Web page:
FOMO. Have you heard of it? It’s an acronym for “fear of missing out”. According to Wikipedia, FOMO is “the feeling of apprehension that one is either not in the know or missing out on information, events, experiences, or life decisions that could make one’s life better.
The term was coined in 1996, but the idea has been around much longer than that. Anyone who has ever tried to get a toddler to bed can relate. Behind the pleas for one last good night kiss, or one last glass of water is a fear of missing out on something important.
A lot of advertising cashes in on FOMO. It makes us aware of what we don’t have and creates a perceived need. I might be content with the gadget that I have until you show me the next one. Easy access to the internet through portable devices has deepened our sense of FOMO. Young “influencers” can create a perceived need in nanoseconds. FOMO feeds our consumer economy.
A Different Kind of FOMO
But my focus here isn’t on consumer FOMO, though I am not immune. My iPhone isn’t the newest model, but I have had to talk myself out of upgrading more than once. And I don’t let myself surf through Amazon after 9:00 in the evening. By then, my impulse control is gone, and I don’t want to spend the next week sending things back.
My focus today is on spiritual FOMO. And I think I should be determined not to miss out on the good things God has for me.
Moses and FOMO
The story of Moses is sobering for me. Moses was used by God to bring about dozens of miracles. And scripture tells us that he spoke to God face to face like no one else in the Old Testament. He had led a million people out of slavery and through the Red Sea. God gave Moses the Torah and the pattern for the Tabernacle and allowed Moses to see His glory. Moses, along with the whole nation, had been sustained for 40 years in the wilderness where there was no natural food. Moses knew God intimately.
But he did not receive all that God had for him. There came a day when God told Moses, “You have led these people 40 years. You have gotten them to the brink of Canaan. But you will not complete the journey. Joshua will take over from here.” It had to be a crushing blow.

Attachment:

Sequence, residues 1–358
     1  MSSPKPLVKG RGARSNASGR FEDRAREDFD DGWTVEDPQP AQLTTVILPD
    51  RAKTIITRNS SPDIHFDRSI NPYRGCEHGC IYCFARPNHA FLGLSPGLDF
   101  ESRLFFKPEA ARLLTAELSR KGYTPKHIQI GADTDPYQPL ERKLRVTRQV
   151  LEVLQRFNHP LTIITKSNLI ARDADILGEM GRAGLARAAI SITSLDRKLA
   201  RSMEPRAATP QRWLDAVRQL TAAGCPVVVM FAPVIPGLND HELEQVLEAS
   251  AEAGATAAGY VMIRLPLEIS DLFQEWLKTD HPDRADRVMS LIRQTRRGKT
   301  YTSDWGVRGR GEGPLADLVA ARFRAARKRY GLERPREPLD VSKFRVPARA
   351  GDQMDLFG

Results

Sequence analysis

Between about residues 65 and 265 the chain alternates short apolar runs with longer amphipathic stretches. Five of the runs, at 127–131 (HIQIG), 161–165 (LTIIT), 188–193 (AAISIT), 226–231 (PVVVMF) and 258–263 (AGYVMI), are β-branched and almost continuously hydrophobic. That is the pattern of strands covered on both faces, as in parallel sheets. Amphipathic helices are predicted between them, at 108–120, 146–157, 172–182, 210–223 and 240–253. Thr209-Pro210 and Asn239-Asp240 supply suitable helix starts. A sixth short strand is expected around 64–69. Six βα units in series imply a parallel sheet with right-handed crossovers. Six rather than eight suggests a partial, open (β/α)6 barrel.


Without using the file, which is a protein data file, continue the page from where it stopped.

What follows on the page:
They had been here before, ready to enter Canaan. But their fear had overcome their faith, and Moses had watched in disappointment as God led them back into the Sinai desert to wander until the last one of the doubters had died.
Complaints and Frustration
The last of the doubters had died. But the people still knew how to grumble. And grumble they did. The new generation realized that there was no water nearby. And they decided it had to be Moses’ and Aaron’s fault. So they angrily approached their leaders, complaining loudly and vehemently.
Moses did the right thing at first. He took the matter straight to God. And God answered. “Take the staff; and you and your brother Aaron assemble the congregation and speak to the rock before their eyes, that it shall yield up its water. So you shall bring water for them out of the rock, and have the congregation and their livestock drink.” (Numbers 20:6)
So, Moses and Aaron retrieved the staff just like God told them. They gathered the congregation, again, just like God told them. But then Moses got angry. And he went off script. “And he said to them, ‘Listen now you rebels; shall we bring water for you out of this rock? Then Moses raised his hand and struck the rock twice with his staff, and water came out abundantly, and the congregation and their livestock drank. (Numbers 20:10-11)
I understand why he was angry. He had spent 40 years babysitting these grumblers, and he was tired and frustrated, ready for them to take responsibility for themselves. But his anger led to disobedience. And his disobedience cost him everything.
“But the Lord said to Moses and Aaron, ‘Since you did not trust in Me to treat Me as holy in the sight of the sons of Israel, for that reason you shall not bring this assembly into the land which I have given them.” (vs 12) Moses’ disobedience showed a lack of trust and respect for God.